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December 6, 2022

ANCOM: Involuntary use of roaming does not exempt users from paying for the service

On Monday, the National Authority for Management and Regulation in Communications of Romania (ANCOM) warned mobile phone and internet users who have the roaming service activated on their devices that they could end up using it involuntarily when close to the country’s borders, and the involuntary use of roaming does not exempt users from paying for the service.

“Involuntary roaming appears when the phone or tablet automatically connects to a network from a neighbouring country and the user, even though they are on Romanian territory, uses the communication services in roaming,” the communique points out.

ANCOM representatives underscored that they periodically monitor the localities and roads located close to the country’s borders where there is a risk of involuntary roaming, and that they publish the list of localities.

“Our objective is for users who travel in border areas to be aware of this risk and know the way they can avoid connecting to the networks of operators from neighbouring states and implicitly incurring supplementary costs. It has to be pointed out that in case the phone is set to automatically connect to the network, the user who enters involuntary roaming will remain captive in the neighbouring state’s network for as long as the device receives a signal from the operator’s network, even if there is a signal from the national operator the user is subscribed to. In order to avoid such situations, we recommend deactivating the automatic network selection option and activating the manual selection option when in areas close to the borders,” Cristian Popa, head of the Monitoring and Control Executive Directorate, said.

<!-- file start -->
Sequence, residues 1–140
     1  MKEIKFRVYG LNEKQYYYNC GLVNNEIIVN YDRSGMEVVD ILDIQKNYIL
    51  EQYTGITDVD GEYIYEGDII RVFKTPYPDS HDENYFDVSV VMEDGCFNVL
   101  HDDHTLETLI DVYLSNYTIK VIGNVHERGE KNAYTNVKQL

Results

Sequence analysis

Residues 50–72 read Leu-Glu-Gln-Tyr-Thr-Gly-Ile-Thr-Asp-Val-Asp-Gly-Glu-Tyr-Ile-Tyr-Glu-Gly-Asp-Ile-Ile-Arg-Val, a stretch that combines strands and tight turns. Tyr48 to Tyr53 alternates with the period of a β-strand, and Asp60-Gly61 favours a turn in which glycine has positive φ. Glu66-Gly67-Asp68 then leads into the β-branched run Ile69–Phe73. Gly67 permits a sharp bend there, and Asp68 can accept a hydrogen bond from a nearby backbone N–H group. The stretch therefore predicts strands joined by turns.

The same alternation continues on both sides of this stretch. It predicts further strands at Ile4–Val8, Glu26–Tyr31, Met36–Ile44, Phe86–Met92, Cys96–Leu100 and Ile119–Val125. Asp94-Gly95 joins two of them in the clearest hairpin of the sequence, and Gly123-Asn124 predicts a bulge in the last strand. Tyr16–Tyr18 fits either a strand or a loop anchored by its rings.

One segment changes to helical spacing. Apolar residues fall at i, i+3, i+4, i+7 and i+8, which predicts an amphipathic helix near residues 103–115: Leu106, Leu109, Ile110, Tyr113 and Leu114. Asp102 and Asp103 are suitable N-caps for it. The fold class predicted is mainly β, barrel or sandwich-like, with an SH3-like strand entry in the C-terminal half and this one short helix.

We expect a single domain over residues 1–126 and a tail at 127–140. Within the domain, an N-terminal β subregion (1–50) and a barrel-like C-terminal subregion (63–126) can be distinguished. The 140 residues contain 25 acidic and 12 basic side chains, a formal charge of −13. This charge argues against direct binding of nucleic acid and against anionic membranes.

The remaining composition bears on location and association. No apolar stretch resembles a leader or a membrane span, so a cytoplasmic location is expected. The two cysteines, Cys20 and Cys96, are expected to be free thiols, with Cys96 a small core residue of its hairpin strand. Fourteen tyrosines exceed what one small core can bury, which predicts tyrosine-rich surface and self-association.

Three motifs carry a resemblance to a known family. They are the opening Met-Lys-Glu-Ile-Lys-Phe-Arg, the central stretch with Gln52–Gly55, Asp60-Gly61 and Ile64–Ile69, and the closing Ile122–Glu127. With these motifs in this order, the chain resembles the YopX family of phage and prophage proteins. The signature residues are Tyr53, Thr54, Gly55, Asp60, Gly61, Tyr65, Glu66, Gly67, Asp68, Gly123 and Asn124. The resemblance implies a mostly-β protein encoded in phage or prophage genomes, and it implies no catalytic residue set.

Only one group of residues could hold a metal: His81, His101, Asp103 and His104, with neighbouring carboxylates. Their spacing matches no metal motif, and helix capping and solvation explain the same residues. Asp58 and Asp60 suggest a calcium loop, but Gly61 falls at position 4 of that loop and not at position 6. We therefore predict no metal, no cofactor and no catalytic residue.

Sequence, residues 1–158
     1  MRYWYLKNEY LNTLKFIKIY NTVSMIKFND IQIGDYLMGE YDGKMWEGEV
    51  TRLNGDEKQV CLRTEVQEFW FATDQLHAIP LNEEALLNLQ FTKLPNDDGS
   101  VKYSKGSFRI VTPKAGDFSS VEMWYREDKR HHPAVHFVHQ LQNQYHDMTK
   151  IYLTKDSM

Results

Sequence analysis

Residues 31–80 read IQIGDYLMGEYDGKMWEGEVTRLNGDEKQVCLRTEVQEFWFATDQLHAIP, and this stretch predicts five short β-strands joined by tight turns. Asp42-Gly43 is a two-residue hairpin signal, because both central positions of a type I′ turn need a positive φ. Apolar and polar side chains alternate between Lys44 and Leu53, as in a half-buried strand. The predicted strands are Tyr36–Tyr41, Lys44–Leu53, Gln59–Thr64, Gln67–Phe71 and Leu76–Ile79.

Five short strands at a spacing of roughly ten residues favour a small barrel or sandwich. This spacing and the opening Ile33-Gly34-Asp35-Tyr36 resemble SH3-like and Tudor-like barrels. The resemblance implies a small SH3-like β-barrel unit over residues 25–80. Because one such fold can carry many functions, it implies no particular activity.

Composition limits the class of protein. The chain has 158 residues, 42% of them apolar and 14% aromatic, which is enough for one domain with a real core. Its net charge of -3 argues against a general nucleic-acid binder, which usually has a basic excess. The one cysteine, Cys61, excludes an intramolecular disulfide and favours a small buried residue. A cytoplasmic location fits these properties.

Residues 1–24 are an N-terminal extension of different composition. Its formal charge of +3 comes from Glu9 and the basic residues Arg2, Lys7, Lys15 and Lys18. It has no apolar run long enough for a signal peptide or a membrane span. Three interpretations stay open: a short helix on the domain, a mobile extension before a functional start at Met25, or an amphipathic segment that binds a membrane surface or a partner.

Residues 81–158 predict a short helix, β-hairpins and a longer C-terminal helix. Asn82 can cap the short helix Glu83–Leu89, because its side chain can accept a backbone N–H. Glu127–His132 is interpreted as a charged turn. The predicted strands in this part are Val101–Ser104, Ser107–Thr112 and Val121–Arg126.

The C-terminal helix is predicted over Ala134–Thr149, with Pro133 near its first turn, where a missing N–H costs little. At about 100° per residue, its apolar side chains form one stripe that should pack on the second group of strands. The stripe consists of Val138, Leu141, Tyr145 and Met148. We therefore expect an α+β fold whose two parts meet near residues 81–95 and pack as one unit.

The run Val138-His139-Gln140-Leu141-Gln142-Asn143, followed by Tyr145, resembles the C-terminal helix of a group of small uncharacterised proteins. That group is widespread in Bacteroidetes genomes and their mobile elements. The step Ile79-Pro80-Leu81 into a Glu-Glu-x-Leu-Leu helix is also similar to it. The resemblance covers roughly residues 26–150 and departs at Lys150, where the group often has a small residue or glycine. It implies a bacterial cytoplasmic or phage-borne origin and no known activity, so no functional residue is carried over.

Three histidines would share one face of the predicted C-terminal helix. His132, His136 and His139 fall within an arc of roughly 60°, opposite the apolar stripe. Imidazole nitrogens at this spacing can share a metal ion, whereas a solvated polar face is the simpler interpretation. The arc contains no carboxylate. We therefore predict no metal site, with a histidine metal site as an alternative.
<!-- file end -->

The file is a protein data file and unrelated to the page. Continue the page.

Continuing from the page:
Involuntary roaming can appear in border areas only if users have the roaming service activated and their mobile phones or tablets are set to automatically select the network. In these situations, the mobile device will automatically connect to the network of the operator that has the best signal in that location, according to ANCOM.

“Thus, even though they are on Romanian territory, the user will be billed for communication services used while roaming, as if they were physically on the territory of the neighbouring state. Service providers have the obligation to inform the user about the tariffs of roaming services used in that state, in values that include the VAT, as soon as the user connects to the partner network, without unjustified delays,” the communique reads.

However, ANCOM emphasised that the involuntary use of roaming does not exempt users from paying for the service.

“In case the phone or tablet automatically connects to the network of a neighbouring European Union member state such as Bulgaria or Hungary, incoming or outgoing calls and data usage will be billed in line with the ‘Roam like at home’ mechanism. More precisely, the billing will be made as if the consumption occurs in Romania, outside one’s own network, to the extent that it does not surpass the limits of fair use,” the communique adds.

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